Recent headlines about Europe have been dominated by fears of crisis, with a dramatic election in Greece and new action by the European Central Bank to avert deflation. Many businesses are looking at opportunities in European markets, but they have questions about the risks, or more succinctly, what is going on in Europe?
Collectively, the European Union is the world’s largest market with a $17 trillion economy, more than 20% of global GDP. It is among the richest consumer markets in the world and it leads in many innovative sectors.
But Europe is also struggling with 19 very different countries all using the same currency, which is why it’s the Euro crisis. The advantages of a common currency are impressive: more trade and closely integrated financial markets. But the main disadvantage of a common currency, giving up control over monetary policy, is actually much worse than we thought.
Consider that between 2000 and 2006, countries like Germany and France stagnated with their economies growing just 0-1%. At the same time, Peripheral Europe (Portugal, Ireland Spain and Greece) were growing at 3-6%, with inflation averaging 5%. The European Central Bank could only set interest rates at a one-size-fits-all level for the overall Eurozone. This meant that rates were simultaneously too high to stimulate moribund Germany and too low to slow down the overheating economies of Ireland and Spain.
As a result, the countries of Peripheral Europe suffered high inflation, with wages and input costs rising by 5% every year against European competitors, which made their economies uncompetitive. Worse still, massive flows of capital left the slow-growing countries in Northern Europe to seek higher returns in Peripheral Europe, inflating the bubble even further.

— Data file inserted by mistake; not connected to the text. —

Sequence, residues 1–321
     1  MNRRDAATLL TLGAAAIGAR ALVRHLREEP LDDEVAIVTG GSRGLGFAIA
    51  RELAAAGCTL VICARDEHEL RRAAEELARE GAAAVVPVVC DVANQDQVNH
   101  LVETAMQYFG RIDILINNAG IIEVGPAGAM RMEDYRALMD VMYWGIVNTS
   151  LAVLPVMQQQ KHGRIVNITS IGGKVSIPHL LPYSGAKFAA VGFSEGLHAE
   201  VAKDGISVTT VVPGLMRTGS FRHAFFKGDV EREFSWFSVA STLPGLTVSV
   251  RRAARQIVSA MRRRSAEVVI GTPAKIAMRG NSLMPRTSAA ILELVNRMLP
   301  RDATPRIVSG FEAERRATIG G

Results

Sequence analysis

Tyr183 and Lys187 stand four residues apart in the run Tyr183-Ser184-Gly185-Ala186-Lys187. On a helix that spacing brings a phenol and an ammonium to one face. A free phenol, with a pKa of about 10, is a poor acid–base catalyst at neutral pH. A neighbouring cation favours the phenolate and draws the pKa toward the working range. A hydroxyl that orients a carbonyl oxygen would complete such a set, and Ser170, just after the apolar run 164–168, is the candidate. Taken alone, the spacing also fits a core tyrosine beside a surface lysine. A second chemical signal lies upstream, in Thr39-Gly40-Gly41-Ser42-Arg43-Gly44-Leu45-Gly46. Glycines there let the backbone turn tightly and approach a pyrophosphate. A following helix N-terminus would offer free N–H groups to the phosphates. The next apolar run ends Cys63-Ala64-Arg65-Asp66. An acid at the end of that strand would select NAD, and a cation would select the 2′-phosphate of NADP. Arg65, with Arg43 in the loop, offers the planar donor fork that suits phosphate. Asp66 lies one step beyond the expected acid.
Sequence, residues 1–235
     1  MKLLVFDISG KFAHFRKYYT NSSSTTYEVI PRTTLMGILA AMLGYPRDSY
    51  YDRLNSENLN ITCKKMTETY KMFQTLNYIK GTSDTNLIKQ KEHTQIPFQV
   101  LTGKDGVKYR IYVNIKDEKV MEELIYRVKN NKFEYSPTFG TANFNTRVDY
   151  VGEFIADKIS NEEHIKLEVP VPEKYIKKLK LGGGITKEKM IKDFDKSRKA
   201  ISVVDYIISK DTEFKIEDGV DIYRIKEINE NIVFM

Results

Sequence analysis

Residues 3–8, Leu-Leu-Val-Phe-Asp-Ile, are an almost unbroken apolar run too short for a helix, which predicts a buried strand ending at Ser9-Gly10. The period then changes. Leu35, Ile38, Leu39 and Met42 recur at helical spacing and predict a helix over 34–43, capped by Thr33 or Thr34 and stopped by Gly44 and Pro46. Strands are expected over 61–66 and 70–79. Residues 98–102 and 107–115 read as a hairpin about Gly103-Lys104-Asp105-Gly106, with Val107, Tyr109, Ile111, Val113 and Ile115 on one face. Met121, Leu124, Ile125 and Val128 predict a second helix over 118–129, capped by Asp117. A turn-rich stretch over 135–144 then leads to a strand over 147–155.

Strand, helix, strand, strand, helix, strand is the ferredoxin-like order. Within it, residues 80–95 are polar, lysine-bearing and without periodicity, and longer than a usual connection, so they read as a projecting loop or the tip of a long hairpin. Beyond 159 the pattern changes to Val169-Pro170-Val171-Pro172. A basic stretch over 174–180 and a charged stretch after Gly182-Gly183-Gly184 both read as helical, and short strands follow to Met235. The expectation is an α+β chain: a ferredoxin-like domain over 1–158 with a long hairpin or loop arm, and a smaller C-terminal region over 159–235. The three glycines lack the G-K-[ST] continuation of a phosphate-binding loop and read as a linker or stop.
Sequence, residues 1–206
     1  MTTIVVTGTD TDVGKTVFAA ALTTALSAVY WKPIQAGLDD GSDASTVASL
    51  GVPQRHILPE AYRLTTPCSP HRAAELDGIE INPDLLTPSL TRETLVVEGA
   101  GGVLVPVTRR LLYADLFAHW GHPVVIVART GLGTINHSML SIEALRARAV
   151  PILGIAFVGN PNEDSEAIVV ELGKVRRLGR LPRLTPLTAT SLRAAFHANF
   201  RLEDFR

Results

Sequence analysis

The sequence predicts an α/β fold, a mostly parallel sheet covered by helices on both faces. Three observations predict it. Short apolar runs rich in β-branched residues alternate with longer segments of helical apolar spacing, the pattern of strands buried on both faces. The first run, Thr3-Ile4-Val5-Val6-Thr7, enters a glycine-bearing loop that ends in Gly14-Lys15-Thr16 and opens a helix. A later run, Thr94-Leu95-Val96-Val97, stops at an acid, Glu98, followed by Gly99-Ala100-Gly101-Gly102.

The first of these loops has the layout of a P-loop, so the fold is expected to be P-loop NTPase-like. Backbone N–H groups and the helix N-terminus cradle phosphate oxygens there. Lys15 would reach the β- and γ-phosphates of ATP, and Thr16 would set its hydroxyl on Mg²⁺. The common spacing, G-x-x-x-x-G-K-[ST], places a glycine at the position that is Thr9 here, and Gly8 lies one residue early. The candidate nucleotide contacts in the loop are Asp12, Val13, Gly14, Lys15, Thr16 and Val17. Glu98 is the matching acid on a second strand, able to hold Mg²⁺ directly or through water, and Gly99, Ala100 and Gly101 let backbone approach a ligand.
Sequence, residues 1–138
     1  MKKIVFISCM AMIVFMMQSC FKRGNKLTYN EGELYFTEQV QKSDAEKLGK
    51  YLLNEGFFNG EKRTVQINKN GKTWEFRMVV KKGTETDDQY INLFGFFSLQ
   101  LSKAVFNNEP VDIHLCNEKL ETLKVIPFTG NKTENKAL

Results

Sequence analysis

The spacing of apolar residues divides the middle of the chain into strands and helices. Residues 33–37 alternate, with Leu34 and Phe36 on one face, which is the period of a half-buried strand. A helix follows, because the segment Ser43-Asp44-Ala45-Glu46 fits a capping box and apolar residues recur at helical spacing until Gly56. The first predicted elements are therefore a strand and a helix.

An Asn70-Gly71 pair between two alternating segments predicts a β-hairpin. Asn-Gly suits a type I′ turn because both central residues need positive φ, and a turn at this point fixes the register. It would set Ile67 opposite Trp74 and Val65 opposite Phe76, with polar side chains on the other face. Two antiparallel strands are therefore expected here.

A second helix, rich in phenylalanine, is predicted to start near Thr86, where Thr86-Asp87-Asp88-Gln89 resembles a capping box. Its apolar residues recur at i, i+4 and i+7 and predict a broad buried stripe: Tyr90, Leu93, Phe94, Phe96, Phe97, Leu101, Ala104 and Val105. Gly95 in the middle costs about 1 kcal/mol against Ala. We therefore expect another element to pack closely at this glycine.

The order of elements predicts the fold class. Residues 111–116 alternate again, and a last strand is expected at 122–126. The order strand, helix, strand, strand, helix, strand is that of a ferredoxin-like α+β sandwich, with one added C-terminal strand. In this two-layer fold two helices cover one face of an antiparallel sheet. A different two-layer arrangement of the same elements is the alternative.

When the crisis hit in 2008, countries like Spain and Ireland and Greece were left with far too much debt and severely uncompetitive economies. Unable to depreciate their currencies, the only way to regain competitiveness was to struggle with years of high unemployment so that costs and wages gradually declined. Greece’s wages have fallen by 18% while the real economy has contracted by 27% from its pre-crisis peak. This is a more severe downturn than what the U.S. experienced during the Great Depression, so it’s little wonder they’ve elected a government that rejects further austerity.
But the crisis also forced governments to undertake much-needed reforms, from more flexible labour markets to improved regulation. Greece needs debt relief, and there are months and years of tough wrangling ahead, but the Europeans will find a political solution. At the same time, the European Central
Bank is providing a wall of cash, €60 billion per month, to support bank lending. And wages have fallen to the point that competitiveness is improving so that growth is starting to emerge. Remember Ireland, the country with the world’s worst housing crash? It’s set to grow 3.3% this year, according to the IMF. Spain’s growth in the fourth quarter was the fastest in Europe and it is forecast to grow around 2% in 2015. Even struggling Greece will grow 2.5% this year.
What does it all mean for business? Overall EU growth will be moderate this year at 1.6% and the road ahead will be bumpy, but there are enormous opportunities for those who can see ahead to the long-term.
Hendrik Brakel is the Senior Director, Economic, Financial & Tax Policy at the Canadian Chamber of Commerce. You can reach him at firstname.lastname@example.org